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Behemoth summon the darkness on face-ripping new single, Thy Becoming Eternal

Adam 'Nergal' Darski leads Behemoth onstage at Belgium's Alcatraz Metal Fest 2022
(Image credit: Elsie Roymans/Redferns)

Polish extreme metal institution Behemoth have shared the latest single from their forthcoming album, Opvs Contra Natvram. Accompanied by a video animated by award-winning VFX artist Ruben Fro, Thy Becoming Eternal is latter-day Behemoth at their best.

There's a sense of macabre theater to a track that sends waves of black metal electric guitar dissonance over capricious and fitful blasts, with frontman/guitarist Adam 'Nergal' Darski holding court in trademark style, and as ever finding the words and the intensity of performance to give the song a similar vibe to the third act of The Exorcist.

Indeed, there are some who might argue this is a track in need of an exorcism. It is the fourth to be shared ahead of the September 16 release of Opvs Contra Natvram through Nuclear Blast, an album that finds Negal in combative mood. 

Classics scholars will tell you that the album title refers to going against the current. And this heady anti-everything esprit des corps informs the whole rebellious architecture of the record.

“It’s the negative of the values and morals and ethics that I stand against,” says Nergal. “I’ve seriously been wrestling with destructive tendencies in pop culture – cancel culture, social media, and tools which I feel are very dangerous weapons in the hands of people who are not competent to judge others. That’s something which I find very destructive and disturbing and extremely limiting coming from an artists’ perspective.”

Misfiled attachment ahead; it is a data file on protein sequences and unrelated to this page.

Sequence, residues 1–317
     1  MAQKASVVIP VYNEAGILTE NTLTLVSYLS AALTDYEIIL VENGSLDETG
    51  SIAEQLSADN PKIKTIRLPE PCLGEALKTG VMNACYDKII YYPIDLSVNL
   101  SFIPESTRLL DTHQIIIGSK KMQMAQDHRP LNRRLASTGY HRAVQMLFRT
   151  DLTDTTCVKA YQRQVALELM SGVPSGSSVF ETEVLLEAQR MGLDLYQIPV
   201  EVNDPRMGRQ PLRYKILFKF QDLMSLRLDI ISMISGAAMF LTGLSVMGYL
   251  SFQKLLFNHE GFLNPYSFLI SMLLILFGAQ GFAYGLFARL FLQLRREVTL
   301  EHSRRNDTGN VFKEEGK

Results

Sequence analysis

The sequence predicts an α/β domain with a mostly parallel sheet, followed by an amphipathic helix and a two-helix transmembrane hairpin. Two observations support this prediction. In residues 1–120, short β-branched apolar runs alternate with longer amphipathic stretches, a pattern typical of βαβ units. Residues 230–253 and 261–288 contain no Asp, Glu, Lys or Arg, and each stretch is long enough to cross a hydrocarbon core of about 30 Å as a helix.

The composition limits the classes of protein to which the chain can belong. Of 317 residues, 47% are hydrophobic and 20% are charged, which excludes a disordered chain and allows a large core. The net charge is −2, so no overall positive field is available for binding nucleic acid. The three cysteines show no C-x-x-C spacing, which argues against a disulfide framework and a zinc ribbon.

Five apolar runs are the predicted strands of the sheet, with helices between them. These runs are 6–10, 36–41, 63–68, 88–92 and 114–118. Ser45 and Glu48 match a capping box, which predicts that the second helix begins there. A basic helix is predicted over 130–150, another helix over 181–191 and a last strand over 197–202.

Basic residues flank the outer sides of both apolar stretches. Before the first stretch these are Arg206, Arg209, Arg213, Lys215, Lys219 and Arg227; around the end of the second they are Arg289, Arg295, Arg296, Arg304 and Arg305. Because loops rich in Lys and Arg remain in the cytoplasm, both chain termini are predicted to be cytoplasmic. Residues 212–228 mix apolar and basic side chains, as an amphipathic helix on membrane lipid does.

There was a period in the mid-'00s in which Behemoth had settled into a technically adroit death metal sound, with albums such as Demigod and The Apostasy out-muscling some of the black metal fire that had characterized the band's early work. But in recent years Behemoth has evolved into something else entirely. At times wantonly experimental, they've got this freeform compositional sensibility that jives nicely with their do what thou wilt ethos.

Describing the album as his “middle finger” to today's social mores and its predilection for judgment, Nergal likens himself – and in turn all of us – to pop-culture's original rebel, Spartacus, which might make for some interesting stagewear when the band come to tour the album.

“There’s a song on the record called Neo-Spartacvs. Spartacus was one of the most iconic rebels in history who went against the most powerful empire of all time,” Nergal says. “In the end it’s me screaming, ‘I Am Spartacus, and so are you!’ I want to spark that flame of rebellion. If something seems wrong then stand up to it!”

Opvs Contra Natvram (opens in new tab) is available to preorder now, out September 16.

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Jonathan Horsley has been writing about guitars since 2005, playing them since 1990, and regularly contributes to publications including Guitar World, MusicRadar and Total Guitar. He uses Jazz III nylon picks, 10s during the week, 9s at the weekend, and shamefully still struggles with rhythm figure one of Van Halen’s Panama.